COURTESY LATINO LEADERSHIP FORUM After a student-led push, the Main Campus Executive Faculty will vote on adding a diversity requirement.
After a student-led push, the Main Campus Executive Faculty will vote on adding a diversity requirement.

The Main Campus Executive Faculty will vote today on the addition of a diversity requirement to the core curriculum that would apply to the Class of 2019.

The vote follows months of campaigning by the Last Campaign for Academic Reform and the Provost’s Committee for Diversity to add a diversity requirement to the curriculum. If the MCEF votes in favor of the requirement, students from all four schools will be required to take two overlay courses cross-listed under the category “Diversity, Power and Privilege.”

The requirement, which was unanimously approved by the Core Curriculum Committee, will need 29 votes from the MCEF to become part of the curriculum. The CCC consists of 15 faculty members who determine the core requirements for all four schools, while the MCEF, which consists of a body of 57 faculty members from each Georgetown school and two student representatives, votes on decisions related to all aspects of academic life.

LCAR will host a rally today at 2:45 p.m. in Dahlgren Quadrangle in support of the requirement vote, which it calls a “crucial moment in campus history” that Georgetown students have fought for since 1991. Over 320 students have confirmed their attendance on the event’s Facebook page.

The diversity requirement was first introduced in May 2010 by the Main Campus Initiative on Diversity and Inclusiveness but was rejected by the university. In the past few years, various campaigns, including LCAR, have aimed to reintroduce the diversity requirement.

Last Tuesday, 60 members from both the Latino Leadership Forum and LCAR participated in a sit-in to present a petition signed by 1,200 students in support of the diversity requirement to the office of University President John J. DeGioia.

MCEF Chair Ian Gale, a professor of economics, said that he is optimistic that the proposal for the requirement will pass, but that external factors are involved in the decision-making.

“There is broad support within the MCEF for a diversity requirement,” Gale wrote in an email to the hoya. “Whether the MCEF votes to support the proposal on Friday will depend on the details. For instance, members must be confident that there is enough space in the classes that satisfy the requirement so that every student can fulfill the requirement.”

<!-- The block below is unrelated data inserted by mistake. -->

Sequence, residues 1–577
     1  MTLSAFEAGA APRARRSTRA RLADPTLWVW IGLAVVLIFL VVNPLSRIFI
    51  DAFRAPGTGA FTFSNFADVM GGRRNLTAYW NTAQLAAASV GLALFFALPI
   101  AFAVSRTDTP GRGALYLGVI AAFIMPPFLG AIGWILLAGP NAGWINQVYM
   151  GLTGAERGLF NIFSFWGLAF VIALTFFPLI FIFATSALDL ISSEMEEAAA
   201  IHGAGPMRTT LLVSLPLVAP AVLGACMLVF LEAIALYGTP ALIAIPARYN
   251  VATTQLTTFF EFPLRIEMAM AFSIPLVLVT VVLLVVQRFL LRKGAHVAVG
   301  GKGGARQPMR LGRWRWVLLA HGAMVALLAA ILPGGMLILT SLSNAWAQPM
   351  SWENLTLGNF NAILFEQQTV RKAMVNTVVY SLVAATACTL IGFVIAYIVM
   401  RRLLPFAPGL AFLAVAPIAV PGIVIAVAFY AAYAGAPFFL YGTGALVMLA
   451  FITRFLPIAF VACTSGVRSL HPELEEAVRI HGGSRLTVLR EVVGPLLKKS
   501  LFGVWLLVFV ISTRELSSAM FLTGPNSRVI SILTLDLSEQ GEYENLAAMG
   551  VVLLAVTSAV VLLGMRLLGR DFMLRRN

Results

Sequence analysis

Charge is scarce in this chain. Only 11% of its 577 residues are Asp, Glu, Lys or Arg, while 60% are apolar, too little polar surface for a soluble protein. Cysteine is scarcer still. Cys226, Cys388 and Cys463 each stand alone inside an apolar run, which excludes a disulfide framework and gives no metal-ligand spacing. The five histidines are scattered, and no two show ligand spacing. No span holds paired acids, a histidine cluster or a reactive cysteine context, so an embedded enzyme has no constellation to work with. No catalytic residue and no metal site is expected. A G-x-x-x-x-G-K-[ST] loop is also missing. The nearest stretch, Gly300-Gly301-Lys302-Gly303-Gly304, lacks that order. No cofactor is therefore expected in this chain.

Provost Committee’s Academic Sub-Committee Co-Chair and LCAR member Esiwahomi Ozemebhoya (COL ’15) emphasized the importance of diversity comprehension at Georgetown and the responsibility of the school as a Jesuit university to encourage discussions about diversity.

“A deep understanding [of diversity] is definitely missing,” Esiwahomi said. “People that are part of marginalized identities feel like they are being tolerated on this campus and not accepted.”

As the requirement will be in the form of an overlay course, under which approximately 80 current courses have been identified to fulfill the requirement, students will not have to take additional classes to fulfill it.

Ozemebhoya said that the requirement would help students develop a sense of empathy.

“If you have a lack of understanding of another person it’s on your onus,” Ozemebhoya said. “The university should take this up in a serious matter.”
KC Crewdson (SFS ’15), a student representative on the MCEF, said that the diversity requirement will encourage students to discuss critical issues related to identity and diversity.

“The diversity requirement is designed to encourage students to discuss and think critically about identity and diversity issues in our community, and to give them the theoretical tools and practical knowledge they need to do so,” Crewdson wrote in an email to the hoya.

Crewdson said that she is optimistic about the requirement passing, and that since many students already take classes that fulfill the requirement, the change on campus would be more cultural than curricular.

“This change will affect every [undergraduate], but it will have more of an effect on students who don’t take many classes in the humanities or social sciences,” Crewdson wrote

First Vice-Chair of the MCEF and Chair of the Department of Spanish and Portuguese Gwen Kirkpatrick said while she cannot predict the outcome of the vote, faculty members seemed to be supportive of the initiative in previous meetings.

Kirkpatrick said that most of the objections raised against the requirement concern administrative details, including the addition of more requirements to an already requirement-heavy system, the length needed to fulfill the requirement and the place of study abroad in the requirement.

Kirkpatrick also said that the diversity requirement would encourage faculty to develop new ideas for research and curricula.

“With time, however, it may have a greater effect on the curriculum overall,” Kirkpatrick said. “Faculty research interests continue to evolve, and thus they offer new or revised courses.  For some faculty this proposal may be a research and curricular stimulus.”

Gale said that the requirement will enable Georgetown to better educate students about the importance of empathy and other principles.

“The core curriculum is one way that Georgetown communicates its institutional values,” Gale said. “As the proposal notes, ‘Georgetown is responsible for educating students about the realities of those outside of their lived experiences.’”

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